Twin flames burning gaseous and solid fuel pellets exhibit different chemical processes on earth and in the near zero-gravity environment of space.
Tiny pellets of fuel may be safer for hazardous places on earth and burn more efficiently in weightless space and low-gravity environments
Researchers from the USC Viterbi School of Engineering say solid fuel particles may be safer for hazardous environments on earth and burn more efficiently in the microgravity of space than gaseous fuels, which are more combustible and difficult to transport.
In the Spring 2004 issue of NASA Space Research, Fokion Egolfopoulos and Charles Campbell, of the Viterbi School’s Department of Aerospace and Mechanical Engineering, report that they have made significant progress toward understanding the complex chemical processes that take place when tiny particles of solid fuels burn.
Diane Ainsworth | EurekAlert!
Only an atom thick: Physicists succeed in measuring mechanical properties of 2D monolayer materials
17.01.2018 | Universität des Saarlandes
Black hole spin cranks-up radio volume
15.01.2018 | National Institutes of Natural Sciences
What enables electrons to be transferred swiftly, for example during photosynthesis? An interdisciplinary team of researchers has worked out the details of how...
For the first time, scientists have precisely measured the effective electrical charge of a single molecule in solution. This fundamental insight of an SNSF Professor could also pave the way for future medical diagnostics.
Electrical charge is one of the key properties that allows molecules to interact. Life itself depends on this phenomenon: many biological processes involve...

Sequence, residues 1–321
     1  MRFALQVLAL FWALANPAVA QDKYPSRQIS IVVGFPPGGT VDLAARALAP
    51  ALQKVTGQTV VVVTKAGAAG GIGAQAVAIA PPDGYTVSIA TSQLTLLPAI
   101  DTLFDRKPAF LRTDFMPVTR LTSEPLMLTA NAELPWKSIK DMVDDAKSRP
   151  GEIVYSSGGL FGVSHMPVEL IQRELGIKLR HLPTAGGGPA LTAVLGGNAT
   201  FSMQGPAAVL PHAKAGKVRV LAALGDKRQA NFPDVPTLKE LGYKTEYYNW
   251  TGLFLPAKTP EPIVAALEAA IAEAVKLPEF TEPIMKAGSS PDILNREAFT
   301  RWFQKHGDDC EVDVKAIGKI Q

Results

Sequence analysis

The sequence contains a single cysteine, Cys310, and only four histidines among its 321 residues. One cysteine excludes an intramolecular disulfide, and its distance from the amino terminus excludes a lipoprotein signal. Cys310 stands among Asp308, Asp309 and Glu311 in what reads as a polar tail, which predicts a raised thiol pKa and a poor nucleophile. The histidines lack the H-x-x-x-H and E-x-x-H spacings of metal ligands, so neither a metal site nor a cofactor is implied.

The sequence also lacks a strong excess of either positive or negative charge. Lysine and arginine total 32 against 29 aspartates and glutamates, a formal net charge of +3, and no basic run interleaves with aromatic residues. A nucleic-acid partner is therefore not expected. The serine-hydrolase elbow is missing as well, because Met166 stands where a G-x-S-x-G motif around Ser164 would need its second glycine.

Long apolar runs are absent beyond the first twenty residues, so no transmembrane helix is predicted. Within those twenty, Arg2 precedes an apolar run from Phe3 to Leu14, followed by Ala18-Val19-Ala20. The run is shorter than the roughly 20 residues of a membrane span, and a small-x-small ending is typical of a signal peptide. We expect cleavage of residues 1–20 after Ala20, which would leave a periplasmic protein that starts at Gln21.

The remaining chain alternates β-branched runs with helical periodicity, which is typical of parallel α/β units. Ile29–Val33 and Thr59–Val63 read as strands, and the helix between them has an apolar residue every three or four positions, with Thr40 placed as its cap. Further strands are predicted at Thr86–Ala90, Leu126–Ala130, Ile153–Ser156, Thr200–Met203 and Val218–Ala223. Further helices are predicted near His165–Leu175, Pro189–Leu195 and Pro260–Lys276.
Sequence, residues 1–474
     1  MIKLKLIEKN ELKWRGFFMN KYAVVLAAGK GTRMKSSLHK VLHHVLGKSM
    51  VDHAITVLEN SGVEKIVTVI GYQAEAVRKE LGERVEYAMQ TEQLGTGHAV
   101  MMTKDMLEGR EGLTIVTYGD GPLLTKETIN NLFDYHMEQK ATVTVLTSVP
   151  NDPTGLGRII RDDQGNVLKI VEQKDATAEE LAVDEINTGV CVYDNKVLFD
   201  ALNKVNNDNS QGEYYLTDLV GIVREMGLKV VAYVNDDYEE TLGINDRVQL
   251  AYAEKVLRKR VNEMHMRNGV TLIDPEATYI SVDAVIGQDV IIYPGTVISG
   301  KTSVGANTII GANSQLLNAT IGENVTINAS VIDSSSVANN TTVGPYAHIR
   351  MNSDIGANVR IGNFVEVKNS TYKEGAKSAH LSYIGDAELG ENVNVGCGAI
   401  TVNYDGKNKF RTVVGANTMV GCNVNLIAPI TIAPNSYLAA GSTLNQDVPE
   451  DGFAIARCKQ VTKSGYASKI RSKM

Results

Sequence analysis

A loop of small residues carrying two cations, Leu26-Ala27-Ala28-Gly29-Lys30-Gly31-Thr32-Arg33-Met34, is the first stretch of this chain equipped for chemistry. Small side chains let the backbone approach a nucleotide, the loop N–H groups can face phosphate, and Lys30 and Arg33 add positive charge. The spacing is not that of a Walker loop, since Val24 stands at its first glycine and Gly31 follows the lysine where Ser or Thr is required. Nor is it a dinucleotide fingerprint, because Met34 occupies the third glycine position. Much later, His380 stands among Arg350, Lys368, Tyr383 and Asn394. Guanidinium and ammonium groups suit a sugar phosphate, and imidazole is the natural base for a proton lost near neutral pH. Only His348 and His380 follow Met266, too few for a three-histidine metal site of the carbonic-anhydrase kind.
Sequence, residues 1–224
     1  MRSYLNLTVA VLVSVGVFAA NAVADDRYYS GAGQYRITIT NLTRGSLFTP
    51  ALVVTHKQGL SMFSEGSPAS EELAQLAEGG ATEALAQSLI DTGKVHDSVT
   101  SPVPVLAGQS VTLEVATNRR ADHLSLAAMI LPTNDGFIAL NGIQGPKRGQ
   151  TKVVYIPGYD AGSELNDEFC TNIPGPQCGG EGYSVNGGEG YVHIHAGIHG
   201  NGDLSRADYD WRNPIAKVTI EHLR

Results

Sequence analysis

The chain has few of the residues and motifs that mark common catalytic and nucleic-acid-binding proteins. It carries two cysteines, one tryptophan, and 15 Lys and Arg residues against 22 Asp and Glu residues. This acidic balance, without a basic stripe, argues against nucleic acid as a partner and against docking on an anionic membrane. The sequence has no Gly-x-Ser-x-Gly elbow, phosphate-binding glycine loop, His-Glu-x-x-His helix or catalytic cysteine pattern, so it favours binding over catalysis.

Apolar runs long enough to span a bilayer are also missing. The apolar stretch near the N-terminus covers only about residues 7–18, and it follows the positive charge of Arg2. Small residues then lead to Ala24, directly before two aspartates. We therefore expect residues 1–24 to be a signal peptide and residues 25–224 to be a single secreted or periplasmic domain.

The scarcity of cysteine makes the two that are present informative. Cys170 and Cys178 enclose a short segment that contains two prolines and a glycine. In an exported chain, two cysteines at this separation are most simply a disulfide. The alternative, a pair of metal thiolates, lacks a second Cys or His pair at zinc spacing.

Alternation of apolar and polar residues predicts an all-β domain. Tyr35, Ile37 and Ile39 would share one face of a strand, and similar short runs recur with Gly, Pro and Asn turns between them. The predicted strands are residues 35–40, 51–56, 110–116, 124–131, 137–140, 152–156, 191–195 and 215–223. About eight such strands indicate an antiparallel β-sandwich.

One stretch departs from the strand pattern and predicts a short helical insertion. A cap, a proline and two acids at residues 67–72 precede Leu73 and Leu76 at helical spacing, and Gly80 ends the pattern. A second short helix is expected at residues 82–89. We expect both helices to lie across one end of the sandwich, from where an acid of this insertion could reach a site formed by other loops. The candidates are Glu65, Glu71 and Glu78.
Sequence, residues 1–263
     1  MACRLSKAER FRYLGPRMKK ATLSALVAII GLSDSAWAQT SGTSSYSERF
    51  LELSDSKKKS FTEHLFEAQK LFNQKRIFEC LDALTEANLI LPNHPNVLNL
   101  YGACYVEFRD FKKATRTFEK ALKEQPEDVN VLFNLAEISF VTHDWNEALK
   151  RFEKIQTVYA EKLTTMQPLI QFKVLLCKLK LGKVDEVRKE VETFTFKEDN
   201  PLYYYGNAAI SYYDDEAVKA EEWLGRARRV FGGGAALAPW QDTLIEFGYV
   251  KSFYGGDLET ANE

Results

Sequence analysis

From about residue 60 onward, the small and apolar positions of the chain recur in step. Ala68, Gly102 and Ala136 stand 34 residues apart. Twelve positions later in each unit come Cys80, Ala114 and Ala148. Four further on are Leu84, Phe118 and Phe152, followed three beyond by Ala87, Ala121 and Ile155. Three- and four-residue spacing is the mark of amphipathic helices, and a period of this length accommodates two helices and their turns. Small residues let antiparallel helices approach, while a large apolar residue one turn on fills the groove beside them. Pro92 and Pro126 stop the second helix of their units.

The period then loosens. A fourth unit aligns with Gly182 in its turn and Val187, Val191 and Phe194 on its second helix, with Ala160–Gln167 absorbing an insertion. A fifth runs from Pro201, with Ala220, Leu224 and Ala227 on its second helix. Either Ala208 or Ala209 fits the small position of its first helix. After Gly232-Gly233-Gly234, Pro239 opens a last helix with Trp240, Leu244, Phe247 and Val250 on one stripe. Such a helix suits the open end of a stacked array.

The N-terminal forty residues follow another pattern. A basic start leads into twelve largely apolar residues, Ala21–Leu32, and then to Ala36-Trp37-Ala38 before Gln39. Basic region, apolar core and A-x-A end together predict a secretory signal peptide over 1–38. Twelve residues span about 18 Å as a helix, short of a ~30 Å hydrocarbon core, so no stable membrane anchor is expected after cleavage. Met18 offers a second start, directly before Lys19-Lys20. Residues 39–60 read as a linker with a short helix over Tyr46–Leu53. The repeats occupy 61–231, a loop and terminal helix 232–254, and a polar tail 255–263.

At the JEC World Composite Show in Paris in March 2018, the Fraunhofer Institute for Laser Technology ILT will be focusing on the latest trends and innovations in laser machining of composites. Among other things, researchers at the booth shared with the Aachen Center for Integrative Lightweight Production (AZL) will demonstrate how lasers can be used for joining, structuring, cutting and drilling composite materials.
No other industry has attracted as much public attention to composite materials as the automotive industry, which along with the aerospace industry is a driver...
Scientists at Tokyo Institute of Technology (Tokyo Tech) and Tohoku University have developed high-quality GFO epitaxial films and systematically investigated their ferroelectric and ferromagnetic properties. They also demonstrated the room-temperature magnetocapacitance effects of these GFO thin films.
Multiferroic materials show magnetically driven ferroelectricity. They are attracting increasing attention because of their fascinating properties such as...
The oceans are the largest global heat reservoir. As a result of man-made global warming, the temperature in the global climate system increases; around 90% of...
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17.01.2018 | Awards Funding